Dr Claire-Lise Chaignat: WHO is providing technical assistance to the health authorities, particularly in the north and also to the other provinces and health authorities in other provinces, which are not yet affected by the outbreak. Particularly in these areas, WHO is helping to improve preparedness activities, so that the governments can respond in case an outbreak should occur and spread to these yet unaffected areas. Unfortunately, the latest information received shows that in fact the outbreak is spreading and is spreading from one district to the other. Also, the outbreak is likely to continue spreading in view of the precarious water and sanitation conditions in the current context of the country.
Christine McNab: There are more than 2 million Iraqis displaced by the conflict to Jordan, Syria and other neighbouring countries. The large numbers of people who have arrived over the past year have put an enormous strain on the already overstretched public health services. People need specialized health care, including amputees who need prostheses, people who need cancer treatment and women who need reproductive health services. There are gaps in disease surveillance. There are also concerns that those Iraqis, who don't have money to buy food, may be at greater risk for malnutrition. To respond to this, WHO and its many partners working in the UN health sector have appealed for almost US$ 85 million to significantly boost health services for displaced Iraqis in Jordan and Syria.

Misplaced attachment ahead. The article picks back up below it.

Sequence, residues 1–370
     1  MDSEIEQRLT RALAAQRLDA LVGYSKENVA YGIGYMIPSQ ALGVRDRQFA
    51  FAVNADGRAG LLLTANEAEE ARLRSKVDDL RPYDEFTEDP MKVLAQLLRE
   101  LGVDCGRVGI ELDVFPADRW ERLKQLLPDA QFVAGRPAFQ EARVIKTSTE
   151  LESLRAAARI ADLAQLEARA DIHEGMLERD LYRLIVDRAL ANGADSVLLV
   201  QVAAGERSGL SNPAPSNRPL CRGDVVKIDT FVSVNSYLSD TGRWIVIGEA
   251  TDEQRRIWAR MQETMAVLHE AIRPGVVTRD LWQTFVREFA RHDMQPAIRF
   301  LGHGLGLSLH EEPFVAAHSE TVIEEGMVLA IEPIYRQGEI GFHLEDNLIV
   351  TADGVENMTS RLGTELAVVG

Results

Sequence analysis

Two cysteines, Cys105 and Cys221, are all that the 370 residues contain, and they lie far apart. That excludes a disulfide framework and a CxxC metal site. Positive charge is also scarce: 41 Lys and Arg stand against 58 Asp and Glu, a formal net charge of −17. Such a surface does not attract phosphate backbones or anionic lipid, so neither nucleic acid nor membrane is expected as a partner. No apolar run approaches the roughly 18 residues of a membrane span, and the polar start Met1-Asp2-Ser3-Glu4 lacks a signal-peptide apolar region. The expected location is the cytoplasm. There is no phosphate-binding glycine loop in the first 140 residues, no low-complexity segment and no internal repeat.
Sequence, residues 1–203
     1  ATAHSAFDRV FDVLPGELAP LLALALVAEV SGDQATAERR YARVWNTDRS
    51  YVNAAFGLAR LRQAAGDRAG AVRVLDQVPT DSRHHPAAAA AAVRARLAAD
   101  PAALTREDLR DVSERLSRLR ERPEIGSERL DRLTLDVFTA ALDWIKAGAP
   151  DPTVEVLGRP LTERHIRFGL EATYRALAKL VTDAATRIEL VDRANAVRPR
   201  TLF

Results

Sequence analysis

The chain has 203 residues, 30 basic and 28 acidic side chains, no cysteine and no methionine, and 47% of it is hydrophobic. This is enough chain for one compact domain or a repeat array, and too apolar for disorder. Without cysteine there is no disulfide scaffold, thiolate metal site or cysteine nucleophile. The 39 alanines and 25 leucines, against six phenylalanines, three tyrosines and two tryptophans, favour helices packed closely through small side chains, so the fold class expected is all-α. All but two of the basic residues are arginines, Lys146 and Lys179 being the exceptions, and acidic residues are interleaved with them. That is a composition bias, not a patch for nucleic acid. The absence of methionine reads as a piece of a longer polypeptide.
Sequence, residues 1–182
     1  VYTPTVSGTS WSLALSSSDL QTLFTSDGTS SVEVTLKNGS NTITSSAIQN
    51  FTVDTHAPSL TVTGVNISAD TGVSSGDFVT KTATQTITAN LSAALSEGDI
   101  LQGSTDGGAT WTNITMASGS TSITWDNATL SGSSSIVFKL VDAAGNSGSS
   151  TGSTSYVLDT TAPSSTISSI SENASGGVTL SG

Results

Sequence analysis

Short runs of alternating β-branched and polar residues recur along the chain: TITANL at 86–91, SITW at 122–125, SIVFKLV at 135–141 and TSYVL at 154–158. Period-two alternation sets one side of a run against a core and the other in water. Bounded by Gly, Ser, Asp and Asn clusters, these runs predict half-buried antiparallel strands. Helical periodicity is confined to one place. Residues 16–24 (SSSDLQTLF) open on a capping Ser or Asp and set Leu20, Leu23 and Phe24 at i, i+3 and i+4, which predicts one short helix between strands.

Christine McNab: UNITAID is announcing significant progress in reducing the price of medicines for HIV. UNITAID is an international drug purchase facility which was created one year ago, to find ways to deliver cheaper medicines for HIV, tuberculosis and malaria. It uses innovative financing mechanisms, including solidarity contributions to airline tickets, to fund this work. Dr Jorge Bermudez is the Executive Secretary of UNITAID.
Dr Jorge Bermudez: Looking back, one year later we are working with more than 80 countries. We are addressing 53 countries with HIV/AIDS in partnerships mainly with the Clinton Foundation and WHO. We are addressing malaria in 22 countries with the Global Fund, UNICEF and Roll Back Malaria (Partnership). We are addressing tuberculosis in 58 countries working together with the Global Fund, Global Drug Facility and Stop TB (Partnership). So, we are addressing hundreds and thousands and millions of treatments, all over the world, in more than 80 countries. Most of those countries are in Africa, and, in all of those cases, we have analysed very carefully that we are impacting market dynamics, bringing down prices of medicines and scaling up access.
Christine McNab: Dr Bermudez says that in the next year, UNITAID aims to expand the partnership to include more countries, and continue work to ensure more access to medicines for HIV/AIDS, tuberculosis and malaria.
Thanks for listening to the WHO podcast. For more information about these stories, and other global public health issues, visit the WHO website, at www.who.int.